In other words, the BOJ’s 1-percent inflation target indicates that the bank may start toning down the easy monetary policy with the approach of the end of deflation. This inevitably raises doubts about the central bank’s commitment to the fight against deflation.
In February, I put questions about this issue to Shirakawa. He said he would deal with the problem by ensuring annual examinations of data that would look at the actual effects of the bias and at changes in people’s perceptions about the price trend. To me, his comment appeared to be an attempt to reassure the public by promising a flexible response to the price situation.
At that time, Shirakawa also suggested that adopting an inflation target of 2 percent could heighten uncertainty.
Shirakawa and other top BOJ policymakers appeared to fear that setting a 2-percent inflation target might send out the wrong signals and lead to a sharp fall in government bond prices, which would mean a steep rise in long-term interest rates.
I can understand the reasoning behind Shirakawa’s concern, but the BOJ can avoid the risk of causing turmoil in the markets by clearly stating its determination to make flexible and bold responses to any sharp drop in bond prices or overshooting of the inflation target, while at the same time implementing its monetary policy in a way that effectively raises its inflation target to 2 percent.
By adopting this approach, the BOJ would be able to win markets’ confidence in its commitment to the battle against deflation and make sure that its prediction of a 0.7-percent rise in the inflation rate for fiscal 2013 proves accurate. That would mean the central bank would actually strike its 1-percent inflation target and thereby lay the foundation for Japan’s renewed economic growth. The risk of not doing so is that Shirakawa’s words will be remembered as mere wishful thinking.
Even if the BOJ doesn’t take such aggressive steps, the Japanese economy will gradually overcome deflation through growth powered by improvements in corporate profits due to reconstruction-related demand. However, the progress will be frustratingly slow.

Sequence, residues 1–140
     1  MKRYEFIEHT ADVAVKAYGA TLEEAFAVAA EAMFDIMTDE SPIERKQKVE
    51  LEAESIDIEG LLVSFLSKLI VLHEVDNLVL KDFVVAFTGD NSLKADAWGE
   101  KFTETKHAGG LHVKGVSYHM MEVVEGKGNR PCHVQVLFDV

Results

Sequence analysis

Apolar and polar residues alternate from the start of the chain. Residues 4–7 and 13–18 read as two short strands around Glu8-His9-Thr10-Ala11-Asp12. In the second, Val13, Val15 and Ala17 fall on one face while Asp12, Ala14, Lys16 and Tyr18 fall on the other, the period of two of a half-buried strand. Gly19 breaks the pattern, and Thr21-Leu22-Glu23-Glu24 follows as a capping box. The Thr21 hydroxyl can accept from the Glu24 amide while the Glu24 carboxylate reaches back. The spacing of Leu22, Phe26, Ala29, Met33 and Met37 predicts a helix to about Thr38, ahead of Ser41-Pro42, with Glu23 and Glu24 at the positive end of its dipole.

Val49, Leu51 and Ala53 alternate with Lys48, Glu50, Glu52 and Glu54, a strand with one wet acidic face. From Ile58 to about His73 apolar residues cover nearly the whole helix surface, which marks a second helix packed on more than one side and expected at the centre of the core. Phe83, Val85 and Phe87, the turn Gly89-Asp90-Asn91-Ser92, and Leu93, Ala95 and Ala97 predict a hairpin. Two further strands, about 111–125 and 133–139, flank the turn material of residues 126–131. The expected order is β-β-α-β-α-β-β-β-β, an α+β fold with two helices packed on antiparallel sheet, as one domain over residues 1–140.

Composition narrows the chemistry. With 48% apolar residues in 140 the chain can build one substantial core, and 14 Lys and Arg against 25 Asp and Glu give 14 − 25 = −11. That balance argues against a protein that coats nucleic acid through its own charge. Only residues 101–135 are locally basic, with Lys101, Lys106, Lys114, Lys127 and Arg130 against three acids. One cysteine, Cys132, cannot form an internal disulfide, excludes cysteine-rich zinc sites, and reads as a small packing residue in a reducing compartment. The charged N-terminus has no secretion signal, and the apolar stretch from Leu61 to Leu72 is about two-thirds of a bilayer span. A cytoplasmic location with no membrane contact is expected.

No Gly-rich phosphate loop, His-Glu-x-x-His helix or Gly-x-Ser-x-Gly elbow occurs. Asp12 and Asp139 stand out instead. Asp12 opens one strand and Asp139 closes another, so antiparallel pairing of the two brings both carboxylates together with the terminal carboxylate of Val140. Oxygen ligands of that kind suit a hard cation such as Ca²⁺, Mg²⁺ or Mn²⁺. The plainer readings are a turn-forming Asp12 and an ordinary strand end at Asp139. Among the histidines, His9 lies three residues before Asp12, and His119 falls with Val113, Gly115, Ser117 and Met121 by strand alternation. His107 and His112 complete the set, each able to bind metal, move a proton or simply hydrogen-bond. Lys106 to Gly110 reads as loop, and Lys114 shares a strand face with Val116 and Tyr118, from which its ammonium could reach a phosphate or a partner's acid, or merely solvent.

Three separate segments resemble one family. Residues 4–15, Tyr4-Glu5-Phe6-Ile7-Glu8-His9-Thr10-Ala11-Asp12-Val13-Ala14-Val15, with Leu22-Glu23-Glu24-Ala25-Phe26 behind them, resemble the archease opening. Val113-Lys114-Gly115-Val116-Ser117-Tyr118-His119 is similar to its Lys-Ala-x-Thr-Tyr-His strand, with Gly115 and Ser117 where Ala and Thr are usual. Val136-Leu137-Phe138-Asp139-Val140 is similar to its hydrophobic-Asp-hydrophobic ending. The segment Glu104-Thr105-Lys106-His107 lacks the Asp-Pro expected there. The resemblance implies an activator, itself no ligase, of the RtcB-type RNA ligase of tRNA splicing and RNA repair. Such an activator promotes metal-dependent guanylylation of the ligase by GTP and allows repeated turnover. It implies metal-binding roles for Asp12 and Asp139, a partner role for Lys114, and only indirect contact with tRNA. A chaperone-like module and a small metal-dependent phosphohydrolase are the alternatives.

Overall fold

Given the situation, the BOJ would be acting in the best interests of the Japanese economy if it switched to a more aggressive anti-deflation policy.
Consumption tax factor
Political factors also need to be taken into account. The Diet will soon start considering a government-drafted bill to raise the consumption tax rate to 8 percent in April 2014 from the current 5 percent and increase it further to 10 percent in October 2015.
The bill, if enacted in its current form, would have the short-term effect of slowing Japan’s economic growth and thereby delaying its emergence from deflation. The government claims the proposed consumption tax increase would have positive long-term effects on the economy as it would push the nation toward financial health and help maintain international confidence in Japanese government bonds.
If a revision is made to the bill to include measures to temper the impact of the tax hike, such as exempting food products, its enactment would not do much harm to the economy.
A group of lawmakers of the ruling Democratic Party of Japan led by former party chief Ichiro Ozawa is stepping up its political campaign against the consumption tax increase. As a result, the odds are growing that the bill will be carried over to the next Diet session, which would mean that the tax hike would likely be postponed until after Japan’s emergence from deflation.
Considering that political situation, it seems unlikely that the consumption tax issue will be a major obstacle to policy efforts to bring an end to deflation.
The pay-off if those efforts are successful could be great. As it overcomes deflation, the Japanese economy would emerge from its prolonged stagnation and stand on the cusp of a new era of healthy growth.
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The author is a senior staff writer of The Asahi Shimbun, who has written extensively about fiscal and tax issues. He served as chief editor of The Asahi Shimbun’s Economic News Section and deputy director of the Editorial Board.